When Nathan Associates began its two intellectual property rights (IPR) projects in Egypt, Egypt’s laws did not meet the requirements of TRIPS and Egypt was on USTR’s Priority Watchlist for failure to provide pharmaceutical patents and to prevent widespread copyright infringement.
These problems caused significant economic loss to local and foreign businesses in Egypt as well as the country’s general economy.
The firm’s USAID-funded Strengthening Intellectual Property Rights in Egypt (SIPRE) project and the Technical Assistance on Intellectual Property Rights in Egypt (TIPRE) project comprised a vigorous program of modernization, training, education, public advocacy, and legal assistance.
The primary goal of TIPRE was to follow-up on the achievements of the SIPRE project by establishing a reliable legal framework consistent with the requirements of the WTO TRIPs Agreement. As a result of these projects Egypt has modernized its IPR laws and is one step closer to participating in the global economy.
Building Support for the Framework
To build support for development of a legal framework, TIPRE conducted numerous seminars and workshops on intellectual property rights, informing businesspersons, university students and professors, and the public about the benefits and obligations accruing from Egypt’s implementation of the TRIPs Agreement.
One of the most important of these advocacy events consisted of six workshops informing Egyptian journalists about intellectual property and its benefits for Egypt. These workshops helped change public opinion on IPR, opinion that had been decidedly negative. The workshops made the public aware that Egyptian inventors and scientists, including agricultural researchers, were frustrated by the existing IPR system.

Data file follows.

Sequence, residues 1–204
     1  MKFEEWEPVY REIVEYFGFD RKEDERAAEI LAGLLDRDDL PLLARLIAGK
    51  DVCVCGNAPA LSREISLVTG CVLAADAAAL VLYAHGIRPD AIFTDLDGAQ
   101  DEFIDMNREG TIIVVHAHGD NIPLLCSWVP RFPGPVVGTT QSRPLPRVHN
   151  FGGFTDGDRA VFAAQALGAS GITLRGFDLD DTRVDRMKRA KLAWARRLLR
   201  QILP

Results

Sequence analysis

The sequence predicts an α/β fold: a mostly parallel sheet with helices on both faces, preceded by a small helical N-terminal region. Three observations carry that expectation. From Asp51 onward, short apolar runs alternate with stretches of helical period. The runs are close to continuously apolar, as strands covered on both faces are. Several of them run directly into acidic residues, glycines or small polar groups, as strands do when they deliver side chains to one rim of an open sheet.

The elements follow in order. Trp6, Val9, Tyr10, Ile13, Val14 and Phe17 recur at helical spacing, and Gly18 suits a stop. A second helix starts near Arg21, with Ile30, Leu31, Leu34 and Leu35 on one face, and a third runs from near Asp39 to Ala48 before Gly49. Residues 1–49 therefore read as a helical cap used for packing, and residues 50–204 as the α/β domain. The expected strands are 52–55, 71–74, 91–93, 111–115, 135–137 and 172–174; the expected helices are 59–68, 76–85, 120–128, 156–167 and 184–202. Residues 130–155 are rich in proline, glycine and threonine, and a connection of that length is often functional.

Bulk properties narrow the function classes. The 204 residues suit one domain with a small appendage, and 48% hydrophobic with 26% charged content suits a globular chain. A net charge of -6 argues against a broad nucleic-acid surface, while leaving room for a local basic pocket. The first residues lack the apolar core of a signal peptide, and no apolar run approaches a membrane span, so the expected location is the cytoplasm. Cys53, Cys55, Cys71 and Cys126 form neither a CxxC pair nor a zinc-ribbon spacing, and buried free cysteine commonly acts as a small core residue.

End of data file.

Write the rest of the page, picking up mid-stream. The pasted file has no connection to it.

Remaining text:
Drafting Laws and Regulations
TIPRE’s expert technical legal support helped bring Egypt’s IPR regime up to international standards. Working with Egypt’s patent, trademark, and industrial designs offices and the Ministries of Supply and Internal Trade, Higher Education and Scientific Research, the project drafted model provisions, regulatory language, legal memoranda, and administrative guidelines for Law #82 for the protection of intellectual property rights.
Enacted in 2002, Law #82 covers pharmaceutical patents, patent terms, industrial design publication and examination, transfer of trademark ownership, data exclusivity, protection of plant variety, and protection of integrated circuits. The project also prepared guidelines on patents, trademarks, industrial designs, and TRIPS contact procedures and held roundtable discussions on patents and pharmaceuticals, licensing, scientific research and patents, copyright protection for traditional culture.
Training for New Functions
The project helped train employees in the Ministry of Agriculture and Land Reclamation in a new function: registering plant varieties.
Employees learned about
(1) the requirements and services of the International Union for Protection of New Plant Variety Convention
(2) assessing plant distinctness, uniformity, and stability
(3) the effect of plant variety protection legislation on licensing in the plant breeding industry
(4) the effect of legislation on breeders, seed companies, and farmers
TIPRE conducted a workshop on the new system for plant variety protection; informed Egyptian breeders and exporters about the use of trademarks, certification marks, and collective marks; and worked closely with the Government of Egypt on protection for agricultural chemical and pharmaceutical data.
The project also conducted seminars for law faculty at Cairo University, Ain Shams, and Menoufiya.
Publishing Our Knowledge
On the basis of training material developed for the universities, the project published Intellectual Property: Principles and Practice, which addresses all aspects of IP, including agricultural issues. The book is available in Arabic and English.